Home Trucking FAQs What different types of trailers do drivers pull?

What different types of trailers do drivers pull?

ver-the-Road and local trucks carry many kinds of loads. To do this, they use a lot of different types of trailers that are designed for specific purposes. Some trailers can be used in many different ways, and some are for one type of hauling. Here is a look at a few different types used by trucking companies, as well as their dimensions and weight limits.

Types of Trailers

Dry Vans

These are also known as box trailers. They are the most plentiful type of trailer, so named because the freight contents are completely enclosed in a box-type container that keeps the freight dry. These range from 28-53 feet in length, 96 (8’0”) to 102 (8′ 6”) inches in width, and 12’6” to 13’6” in height. They will have anywhere from 8 to 16 wheels.

One common variation of the dry van is the curtain side trailer. This type has Heavy duty fabric sides that can be rolled up or moved to the side to allow access to the contents from the side of the trailer, unlike the dry van which must be loaded and unloaded from the rear. It is often used for making multiple stops/deliveries, and having fabric sides makes it possible for fork lift operators to get the freight intended for them without requiring lots of shifting around of other deliveries.

Refrigerator Trailer

Another common variation of the dry van is the refrigerated, or “reefer” trailer. As the name says, this type of trailer has a refrigeration unit to keep perishable freight such as meat, vegetables, and fruit at a temperature that is adjustable to prevent food from spoiling during transportation.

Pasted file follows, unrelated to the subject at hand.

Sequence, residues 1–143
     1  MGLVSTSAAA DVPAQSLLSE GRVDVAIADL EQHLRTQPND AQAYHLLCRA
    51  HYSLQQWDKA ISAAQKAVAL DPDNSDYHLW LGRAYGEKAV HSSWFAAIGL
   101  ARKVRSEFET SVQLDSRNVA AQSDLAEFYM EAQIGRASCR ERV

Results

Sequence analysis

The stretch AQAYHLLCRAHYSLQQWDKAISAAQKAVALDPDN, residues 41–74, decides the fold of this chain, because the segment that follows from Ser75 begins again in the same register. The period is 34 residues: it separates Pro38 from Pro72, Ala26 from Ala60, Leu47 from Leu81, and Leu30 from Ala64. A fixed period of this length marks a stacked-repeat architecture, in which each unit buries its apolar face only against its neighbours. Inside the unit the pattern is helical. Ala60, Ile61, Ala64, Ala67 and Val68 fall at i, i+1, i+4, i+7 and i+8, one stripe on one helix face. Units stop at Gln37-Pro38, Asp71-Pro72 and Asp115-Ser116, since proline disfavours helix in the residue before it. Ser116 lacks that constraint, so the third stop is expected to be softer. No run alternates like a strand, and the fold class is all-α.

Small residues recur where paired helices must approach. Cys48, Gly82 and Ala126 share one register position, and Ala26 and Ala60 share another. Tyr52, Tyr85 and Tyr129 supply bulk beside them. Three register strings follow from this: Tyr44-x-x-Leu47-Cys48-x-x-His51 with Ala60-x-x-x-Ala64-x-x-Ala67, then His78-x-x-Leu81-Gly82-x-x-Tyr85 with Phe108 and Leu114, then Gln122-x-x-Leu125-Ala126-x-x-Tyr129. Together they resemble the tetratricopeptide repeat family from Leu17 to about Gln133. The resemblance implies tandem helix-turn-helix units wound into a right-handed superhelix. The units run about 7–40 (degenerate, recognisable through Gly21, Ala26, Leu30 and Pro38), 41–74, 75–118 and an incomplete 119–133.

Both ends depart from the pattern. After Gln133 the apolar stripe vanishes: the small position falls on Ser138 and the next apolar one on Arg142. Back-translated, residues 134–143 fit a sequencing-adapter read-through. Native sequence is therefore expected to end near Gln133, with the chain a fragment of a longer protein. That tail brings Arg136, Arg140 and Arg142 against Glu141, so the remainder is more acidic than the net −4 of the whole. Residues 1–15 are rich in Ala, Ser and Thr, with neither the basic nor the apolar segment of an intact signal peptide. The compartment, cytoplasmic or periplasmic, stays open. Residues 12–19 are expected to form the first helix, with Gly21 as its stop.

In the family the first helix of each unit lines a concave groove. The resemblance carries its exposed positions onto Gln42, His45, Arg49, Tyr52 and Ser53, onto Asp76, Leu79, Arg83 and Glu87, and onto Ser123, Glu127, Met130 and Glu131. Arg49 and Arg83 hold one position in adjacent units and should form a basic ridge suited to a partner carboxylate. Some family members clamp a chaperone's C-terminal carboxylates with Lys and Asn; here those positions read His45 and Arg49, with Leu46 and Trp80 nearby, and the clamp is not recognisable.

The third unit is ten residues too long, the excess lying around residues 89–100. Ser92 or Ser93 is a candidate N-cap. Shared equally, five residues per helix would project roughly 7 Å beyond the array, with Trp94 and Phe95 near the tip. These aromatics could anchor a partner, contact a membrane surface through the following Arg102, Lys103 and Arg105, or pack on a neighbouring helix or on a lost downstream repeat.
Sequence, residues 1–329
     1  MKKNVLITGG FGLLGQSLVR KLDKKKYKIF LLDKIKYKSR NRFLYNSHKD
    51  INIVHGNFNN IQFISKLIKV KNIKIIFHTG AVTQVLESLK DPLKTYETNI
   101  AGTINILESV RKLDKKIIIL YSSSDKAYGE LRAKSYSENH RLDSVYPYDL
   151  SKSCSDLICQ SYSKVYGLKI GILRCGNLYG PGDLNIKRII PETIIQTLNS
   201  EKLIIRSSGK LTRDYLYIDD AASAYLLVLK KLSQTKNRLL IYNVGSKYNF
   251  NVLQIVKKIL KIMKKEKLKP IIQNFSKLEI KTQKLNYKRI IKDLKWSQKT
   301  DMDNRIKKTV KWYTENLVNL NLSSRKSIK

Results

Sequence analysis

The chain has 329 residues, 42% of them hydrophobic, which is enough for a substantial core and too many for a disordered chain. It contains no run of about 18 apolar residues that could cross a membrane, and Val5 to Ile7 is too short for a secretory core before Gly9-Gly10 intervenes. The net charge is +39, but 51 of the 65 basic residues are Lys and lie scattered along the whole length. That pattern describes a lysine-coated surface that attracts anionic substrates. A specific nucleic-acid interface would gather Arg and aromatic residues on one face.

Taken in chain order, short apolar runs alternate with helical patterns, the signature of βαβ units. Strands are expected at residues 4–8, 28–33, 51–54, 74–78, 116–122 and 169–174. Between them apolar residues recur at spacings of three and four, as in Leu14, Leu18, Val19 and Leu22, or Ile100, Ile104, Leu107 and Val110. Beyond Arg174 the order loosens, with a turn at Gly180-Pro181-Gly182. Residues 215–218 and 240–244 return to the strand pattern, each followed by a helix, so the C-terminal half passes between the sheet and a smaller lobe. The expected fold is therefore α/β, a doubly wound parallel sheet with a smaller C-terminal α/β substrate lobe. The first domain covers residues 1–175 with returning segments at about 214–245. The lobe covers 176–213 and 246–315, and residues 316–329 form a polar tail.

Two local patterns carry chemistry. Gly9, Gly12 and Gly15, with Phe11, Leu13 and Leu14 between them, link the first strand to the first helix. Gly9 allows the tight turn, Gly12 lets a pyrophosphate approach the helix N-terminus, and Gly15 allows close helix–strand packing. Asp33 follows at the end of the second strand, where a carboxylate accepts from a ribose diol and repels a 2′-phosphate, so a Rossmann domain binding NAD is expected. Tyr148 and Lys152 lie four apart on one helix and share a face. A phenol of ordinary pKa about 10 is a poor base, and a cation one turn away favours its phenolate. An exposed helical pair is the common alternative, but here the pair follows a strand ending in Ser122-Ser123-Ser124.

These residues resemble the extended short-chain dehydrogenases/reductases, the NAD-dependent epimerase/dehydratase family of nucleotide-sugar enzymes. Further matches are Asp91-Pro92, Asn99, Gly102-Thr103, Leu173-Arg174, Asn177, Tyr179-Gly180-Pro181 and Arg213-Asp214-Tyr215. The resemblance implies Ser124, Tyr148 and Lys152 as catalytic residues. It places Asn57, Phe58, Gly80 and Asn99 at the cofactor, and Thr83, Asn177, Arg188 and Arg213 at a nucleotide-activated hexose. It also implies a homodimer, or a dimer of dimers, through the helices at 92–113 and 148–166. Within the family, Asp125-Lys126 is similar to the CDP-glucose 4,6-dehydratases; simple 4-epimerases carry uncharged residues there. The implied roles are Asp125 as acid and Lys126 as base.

Other than curtain side trailers, dry vans are typically loaded and unloaded from the rear. A driver for a Less Than Truckload (LTL) operator will be involved in a lot of shifting of freight in most cases. The driver will also need to have the skill to back up to a loading dock.

The major benefit of the dry van is the protection from weather that the load receives.

These three trailer types can be combined into tandem or triple combinations, as long as overall length and weight rules are observed. The Commercial Drivers License (CDL) requires a special endorsement for drivers of combination rigs.

Tanker Trailers

Tankers are usually used to haul liquids and gases, although certain types of tankers can be used to carry dry bulk freight such as grain. There is a tanker endorsement required for the holder of a CDL. Tankers are most commonly used for fuels like gasoline, heating oil, and propane, so a driver will be required to carry a Hazardous Material (Haz Mat) endorsement, which requires fingerprinting and criminal background checks, and the passing of additional tests to receive certification.

Liquid tankers can be challenging to drive, especially gasoline tankers that may carry several types of fuel in separate compartments in the tanker, causing weight to shift around as the liquid sloshes, or one compartment is emptied and alters the weight distribution of the load.


This is just a dry van with no sides. They are commonly used to haul building materials that are off-loaded with forklifts, or large bulky items such as heavy construction equipment that won’t fit in dry vans. In order to keep total height below 13’6” limit, the flatbed trailer will frequently be modified into a “lowboy” where otherwise a high load might exceed the limit. Flatbeds range from 26 to 48 feet in length, and can be combined like dry vans.

Driving a flatbed will generally be very labor intensive due to lots of strapping and tarping of loads.

Weight Limits

Right now, the maximum Gross Vehicle Weight (GVW) for truck and trailer combinations is 80,000 pounds.  This weight limit is strictly enforced for drivers and trucking companies.

A pilot project in Maine temporarily raised this to 100,000 pounds on certain Maine Interstates. Those in favor of the increase said that this would save time and fuel, increase safety, lower emissions, and lower costs for trucking companies and receivers and preserve and create jobs.

Those against the idea mostly argued that the increased weight would damage roads, and present more danger to other vehicles.